I've worked in tech for 22 years -- and it's clear we're living in an 'addiction economy'

  • The attention economy has evolved into a new form: the “addiction economy.”
  • Tech juggernauts like Facebook and Google depend on people’s eyeballs staying glued to their devices.
  • We can’t abandon these devices, so it’s in our interest to find ways to strike a healthy balance.

Economist Herbert Simon is credited with coining the concept of the attention economy as early as the 1970s. It’s the idea that people’s attention is a resource just like time or money, and companies will market their products to compete for that resource.

Though this concept feels obvious now, its growth took many decades from the creatively-driven approaches of the first Mad Men to the algorithmic attention-grabbers that Facebook, Snapchat, Instagram, and Twitter have become. Despite Simon’s insight, I doubt he could have foreseen a world in which some of the largest and most successful businesses thrived on the arbitrage of the attention economy.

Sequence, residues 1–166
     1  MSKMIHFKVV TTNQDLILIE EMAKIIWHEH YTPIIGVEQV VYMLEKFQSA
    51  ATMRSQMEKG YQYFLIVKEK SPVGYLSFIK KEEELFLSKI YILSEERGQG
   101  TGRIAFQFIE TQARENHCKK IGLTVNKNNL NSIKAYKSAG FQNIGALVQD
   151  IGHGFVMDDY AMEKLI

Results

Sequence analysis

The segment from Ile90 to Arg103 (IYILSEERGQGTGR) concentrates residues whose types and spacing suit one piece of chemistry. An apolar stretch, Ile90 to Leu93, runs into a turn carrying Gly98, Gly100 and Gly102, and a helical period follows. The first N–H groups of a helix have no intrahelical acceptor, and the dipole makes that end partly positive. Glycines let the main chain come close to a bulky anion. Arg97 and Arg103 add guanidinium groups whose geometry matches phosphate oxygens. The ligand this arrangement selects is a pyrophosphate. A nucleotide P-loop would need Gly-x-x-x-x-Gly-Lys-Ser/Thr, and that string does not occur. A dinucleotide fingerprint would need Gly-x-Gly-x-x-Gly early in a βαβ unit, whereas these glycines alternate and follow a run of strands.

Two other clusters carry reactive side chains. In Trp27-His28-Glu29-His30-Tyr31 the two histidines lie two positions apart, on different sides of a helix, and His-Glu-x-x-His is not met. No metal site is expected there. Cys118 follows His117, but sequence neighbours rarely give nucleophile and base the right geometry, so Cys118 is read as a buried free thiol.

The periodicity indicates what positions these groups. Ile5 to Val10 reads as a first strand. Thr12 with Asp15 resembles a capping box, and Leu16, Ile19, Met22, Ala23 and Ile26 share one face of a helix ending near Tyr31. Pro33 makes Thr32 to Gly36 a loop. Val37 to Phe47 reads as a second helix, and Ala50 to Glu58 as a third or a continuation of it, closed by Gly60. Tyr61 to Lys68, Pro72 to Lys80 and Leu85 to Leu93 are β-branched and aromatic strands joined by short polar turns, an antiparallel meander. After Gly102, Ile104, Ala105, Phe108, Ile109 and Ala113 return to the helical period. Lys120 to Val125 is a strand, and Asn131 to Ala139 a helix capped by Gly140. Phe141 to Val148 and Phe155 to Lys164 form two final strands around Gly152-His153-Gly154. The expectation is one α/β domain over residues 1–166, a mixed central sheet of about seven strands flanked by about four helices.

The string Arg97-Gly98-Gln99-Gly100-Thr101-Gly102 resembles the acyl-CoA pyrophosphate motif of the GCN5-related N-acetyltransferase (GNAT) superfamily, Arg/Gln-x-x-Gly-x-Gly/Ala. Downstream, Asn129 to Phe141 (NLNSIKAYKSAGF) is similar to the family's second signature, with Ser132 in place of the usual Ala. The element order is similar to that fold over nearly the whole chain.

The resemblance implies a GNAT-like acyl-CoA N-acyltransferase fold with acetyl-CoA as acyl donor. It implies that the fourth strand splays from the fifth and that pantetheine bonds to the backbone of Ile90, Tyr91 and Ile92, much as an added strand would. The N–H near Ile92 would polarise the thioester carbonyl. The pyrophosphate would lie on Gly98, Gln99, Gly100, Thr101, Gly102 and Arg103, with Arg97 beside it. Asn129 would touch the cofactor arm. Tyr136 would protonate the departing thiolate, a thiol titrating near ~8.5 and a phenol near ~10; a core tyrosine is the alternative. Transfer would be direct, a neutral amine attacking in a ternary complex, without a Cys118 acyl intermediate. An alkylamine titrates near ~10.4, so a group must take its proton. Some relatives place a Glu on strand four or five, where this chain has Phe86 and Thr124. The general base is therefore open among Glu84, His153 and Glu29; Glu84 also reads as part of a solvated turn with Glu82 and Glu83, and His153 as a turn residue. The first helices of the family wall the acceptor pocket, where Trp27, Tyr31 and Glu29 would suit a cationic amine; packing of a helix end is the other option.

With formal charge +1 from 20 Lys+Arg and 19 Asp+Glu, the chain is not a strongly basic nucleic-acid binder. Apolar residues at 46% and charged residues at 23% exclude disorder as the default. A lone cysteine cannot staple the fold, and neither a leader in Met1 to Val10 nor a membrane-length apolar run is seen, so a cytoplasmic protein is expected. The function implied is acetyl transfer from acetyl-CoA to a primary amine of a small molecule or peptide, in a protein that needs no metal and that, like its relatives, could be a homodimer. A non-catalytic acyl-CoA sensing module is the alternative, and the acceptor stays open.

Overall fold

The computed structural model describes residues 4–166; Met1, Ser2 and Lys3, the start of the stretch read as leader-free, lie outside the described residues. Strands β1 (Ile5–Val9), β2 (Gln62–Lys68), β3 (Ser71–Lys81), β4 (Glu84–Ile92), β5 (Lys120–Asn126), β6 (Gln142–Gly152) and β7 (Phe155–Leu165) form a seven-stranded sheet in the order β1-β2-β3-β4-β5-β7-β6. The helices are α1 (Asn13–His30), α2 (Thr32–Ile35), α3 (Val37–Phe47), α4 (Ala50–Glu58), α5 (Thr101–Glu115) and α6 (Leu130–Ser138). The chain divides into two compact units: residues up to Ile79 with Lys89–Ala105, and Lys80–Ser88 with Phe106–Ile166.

But I think this concept is somewhat outdated, and we need to see the world through a different prism: the addiction economy.

Kids on smartphonesTomohiro Ohsumi/Getty

Two decades in tech have revealed a lot

These new economy juggernauts, like Facebook and Google, aren’t merely in the business of selling ads to interested people based on compelling content they offer. They use content generated by others, layer that with engaging algorithms, and make their business about getting as much user time as they possibly can.

In this way, companies like Facebook have created an addiction economy. If your product or service isn’t as compelling as Facebook, it eats your lunch – regardless of what industry you’re in. And because user engagement metrics are the ones most carefully monitored by investors, if yours don’t match their user growth curves, you can expect to pay a price. Everyone wants user engagement and every company is desperate to get it. So they will turn to whatever mechanisms they have at their disposal – regardless of their social or moral value.